Chasing Turbo Chooks
PhD Candidate, Conservation Biology
School of Natural Sciences,
University of Tasmania
Young Tassie Scientists 2019, 2021
To me Science is all about answering “Why?” and I’m very curious! “Why is this type of tree here but not there?”, “why does this bird behave differently from this one?” Questions are endless, and the more I learn about evolution and natural processes, the more curious I become. Things can look and behave very differently in different states, countries, or even hemispheres and there is still so much we can learn and understand. Hearing wonderful stories about the natural world and discovering how evolution crafted such a diversity of animals and plants still amazes me and makes me grateful to live in such a beautiful and unique world.
I’m from France, and I quickly realised that speaking English was necessary to do research anywhere else in the world (because it’s the international language). So, I made two hits with one stone and travelled to New Zealand for a year after university: at the complete opposite side of the Earth from France. There I learnt English and above all, I explored a completely different world filled with giant fern trees and birds that didn’t even fly. Everything was so different from what I knew, so odd, and so intriguing! I had so many questions…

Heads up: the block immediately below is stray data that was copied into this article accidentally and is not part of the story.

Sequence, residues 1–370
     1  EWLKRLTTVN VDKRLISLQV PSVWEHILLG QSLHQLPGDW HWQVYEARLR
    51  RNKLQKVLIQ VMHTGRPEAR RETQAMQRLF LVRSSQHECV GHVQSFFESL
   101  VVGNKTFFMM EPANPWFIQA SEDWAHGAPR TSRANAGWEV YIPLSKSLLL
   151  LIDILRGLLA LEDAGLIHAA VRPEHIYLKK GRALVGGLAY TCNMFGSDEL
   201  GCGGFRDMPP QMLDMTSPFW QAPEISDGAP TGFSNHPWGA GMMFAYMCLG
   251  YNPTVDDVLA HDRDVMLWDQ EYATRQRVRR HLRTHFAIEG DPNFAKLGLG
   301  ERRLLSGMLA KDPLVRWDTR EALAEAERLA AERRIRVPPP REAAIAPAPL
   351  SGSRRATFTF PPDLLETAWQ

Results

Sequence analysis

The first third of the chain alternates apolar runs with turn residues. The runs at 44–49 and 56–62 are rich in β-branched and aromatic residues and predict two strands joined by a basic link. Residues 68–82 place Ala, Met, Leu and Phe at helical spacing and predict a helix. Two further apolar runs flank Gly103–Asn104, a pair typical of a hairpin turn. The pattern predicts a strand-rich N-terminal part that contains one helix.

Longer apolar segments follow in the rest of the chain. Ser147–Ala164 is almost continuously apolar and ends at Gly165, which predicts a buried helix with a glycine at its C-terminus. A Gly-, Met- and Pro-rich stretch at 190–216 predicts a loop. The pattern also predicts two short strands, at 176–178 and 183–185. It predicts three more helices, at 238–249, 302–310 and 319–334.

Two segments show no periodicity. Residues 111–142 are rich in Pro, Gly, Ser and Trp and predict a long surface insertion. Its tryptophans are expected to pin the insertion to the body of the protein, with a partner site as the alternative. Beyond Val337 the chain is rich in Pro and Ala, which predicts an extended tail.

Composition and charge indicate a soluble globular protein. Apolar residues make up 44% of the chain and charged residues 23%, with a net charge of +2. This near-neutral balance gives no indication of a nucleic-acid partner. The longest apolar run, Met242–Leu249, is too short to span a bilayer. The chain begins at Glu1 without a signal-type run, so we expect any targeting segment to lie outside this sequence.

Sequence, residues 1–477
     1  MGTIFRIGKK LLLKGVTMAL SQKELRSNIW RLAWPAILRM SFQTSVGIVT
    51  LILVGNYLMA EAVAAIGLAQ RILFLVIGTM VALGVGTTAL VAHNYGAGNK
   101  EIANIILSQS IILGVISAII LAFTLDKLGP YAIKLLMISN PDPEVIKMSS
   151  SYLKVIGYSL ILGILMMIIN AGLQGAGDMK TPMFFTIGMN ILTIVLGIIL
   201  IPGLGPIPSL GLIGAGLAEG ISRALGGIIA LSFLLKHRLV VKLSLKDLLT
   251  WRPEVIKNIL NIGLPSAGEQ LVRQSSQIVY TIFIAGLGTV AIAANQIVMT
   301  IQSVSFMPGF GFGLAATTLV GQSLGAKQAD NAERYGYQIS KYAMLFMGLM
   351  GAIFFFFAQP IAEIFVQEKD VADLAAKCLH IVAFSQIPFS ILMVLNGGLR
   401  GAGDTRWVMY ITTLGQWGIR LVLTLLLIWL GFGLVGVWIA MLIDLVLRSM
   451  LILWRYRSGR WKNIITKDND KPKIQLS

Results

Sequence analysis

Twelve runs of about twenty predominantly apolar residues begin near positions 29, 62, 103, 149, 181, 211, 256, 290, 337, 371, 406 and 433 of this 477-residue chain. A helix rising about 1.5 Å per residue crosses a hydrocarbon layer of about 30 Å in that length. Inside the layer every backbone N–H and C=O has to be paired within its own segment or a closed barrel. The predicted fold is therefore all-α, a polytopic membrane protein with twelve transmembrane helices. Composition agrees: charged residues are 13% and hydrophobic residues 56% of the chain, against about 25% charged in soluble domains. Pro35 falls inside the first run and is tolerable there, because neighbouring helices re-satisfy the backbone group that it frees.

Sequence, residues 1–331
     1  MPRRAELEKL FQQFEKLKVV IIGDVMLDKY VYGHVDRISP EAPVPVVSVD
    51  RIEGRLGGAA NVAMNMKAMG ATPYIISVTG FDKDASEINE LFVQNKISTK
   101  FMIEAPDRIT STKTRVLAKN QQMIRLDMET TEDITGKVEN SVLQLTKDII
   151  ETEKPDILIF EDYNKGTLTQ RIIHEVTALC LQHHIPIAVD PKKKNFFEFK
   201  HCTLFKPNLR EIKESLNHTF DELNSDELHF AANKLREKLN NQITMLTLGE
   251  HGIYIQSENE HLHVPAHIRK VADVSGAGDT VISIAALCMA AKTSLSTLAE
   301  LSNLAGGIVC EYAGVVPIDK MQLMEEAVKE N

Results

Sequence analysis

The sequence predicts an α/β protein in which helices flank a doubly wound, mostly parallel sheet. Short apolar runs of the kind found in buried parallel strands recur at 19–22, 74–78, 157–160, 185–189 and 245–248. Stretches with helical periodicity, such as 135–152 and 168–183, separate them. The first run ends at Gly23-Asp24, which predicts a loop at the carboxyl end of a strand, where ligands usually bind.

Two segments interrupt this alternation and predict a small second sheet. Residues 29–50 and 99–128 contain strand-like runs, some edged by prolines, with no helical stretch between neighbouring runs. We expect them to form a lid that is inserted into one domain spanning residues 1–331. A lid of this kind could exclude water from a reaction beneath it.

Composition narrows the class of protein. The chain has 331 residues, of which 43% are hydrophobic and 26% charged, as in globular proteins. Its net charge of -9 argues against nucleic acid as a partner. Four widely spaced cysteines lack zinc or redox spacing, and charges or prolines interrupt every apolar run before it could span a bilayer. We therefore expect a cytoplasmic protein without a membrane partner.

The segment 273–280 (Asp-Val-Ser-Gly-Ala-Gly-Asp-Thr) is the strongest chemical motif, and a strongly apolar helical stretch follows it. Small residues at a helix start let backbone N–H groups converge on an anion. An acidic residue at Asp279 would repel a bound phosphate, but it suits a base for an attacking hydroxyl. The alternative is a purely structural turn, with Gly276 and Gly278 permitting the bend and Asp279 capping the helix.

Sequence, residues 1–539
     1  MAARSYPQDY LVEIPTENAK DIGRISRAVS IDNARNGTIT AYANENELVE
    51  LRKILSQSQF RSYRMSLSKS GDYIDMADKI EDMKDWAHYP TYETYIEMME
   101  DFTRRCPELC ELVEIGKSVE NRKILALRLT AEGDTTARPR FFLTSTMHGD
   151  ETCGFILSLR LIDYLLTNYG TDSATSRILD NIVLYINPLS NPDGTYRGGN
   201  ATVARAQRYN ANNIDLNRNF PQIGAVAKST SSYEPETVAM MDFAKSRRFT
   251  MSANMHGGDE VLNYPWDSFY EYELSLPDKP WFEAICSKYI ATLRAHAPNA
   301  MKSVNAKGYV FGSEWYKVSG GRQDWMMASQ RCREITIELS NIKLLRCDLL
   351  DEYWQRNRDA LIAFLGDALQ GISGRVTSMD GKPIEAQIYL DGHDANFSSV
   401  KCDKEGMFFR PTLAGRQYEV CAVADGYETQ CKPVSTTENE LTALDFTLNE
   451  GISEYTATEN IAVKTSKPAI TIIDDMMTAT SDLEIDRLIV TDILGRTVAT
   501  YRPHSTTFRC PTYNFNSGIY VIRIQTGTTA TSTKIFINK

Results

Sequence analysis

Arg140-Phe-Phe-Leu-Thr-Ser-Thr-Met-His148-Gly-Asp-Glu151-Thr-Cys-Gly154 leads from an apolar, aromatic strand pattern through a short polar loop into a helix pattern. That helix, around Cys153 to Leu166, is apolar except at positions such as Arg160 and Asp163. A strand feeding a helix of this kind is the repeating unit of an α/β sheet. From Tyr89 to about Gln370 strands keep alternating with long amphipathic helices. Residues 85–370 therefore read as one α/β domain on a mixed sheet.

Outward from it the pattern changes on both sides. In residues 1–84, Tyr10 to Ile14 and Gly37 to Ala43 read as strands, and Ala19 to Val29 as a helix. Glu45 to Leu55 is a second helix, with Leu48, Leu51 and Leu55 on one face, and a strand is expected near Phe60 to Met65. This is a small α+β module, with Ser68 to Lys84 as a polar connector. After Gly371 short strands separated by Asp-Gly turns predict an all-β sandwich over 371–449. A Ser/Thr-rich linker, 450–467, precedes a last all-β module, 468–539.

Coming to Tasmania, I realised that a local Tasmanian bird was not flying either, the Tasmanian native-hen, or turbo chook! Fascinating! I was hooked, and I am now doing research to understand why and how this flightless bird can live alongside us and our activities, while their flightless cousins disappear in other parts of the world. I also want to make sure they have the potential to resist future threats, such as climate change and other environmental changes, so turbo chooks can keep on running in Tasmania forever.
Read about my research here: deep-group.com/lucile-leveque
Find me on Twitter at @Lucile_Leveque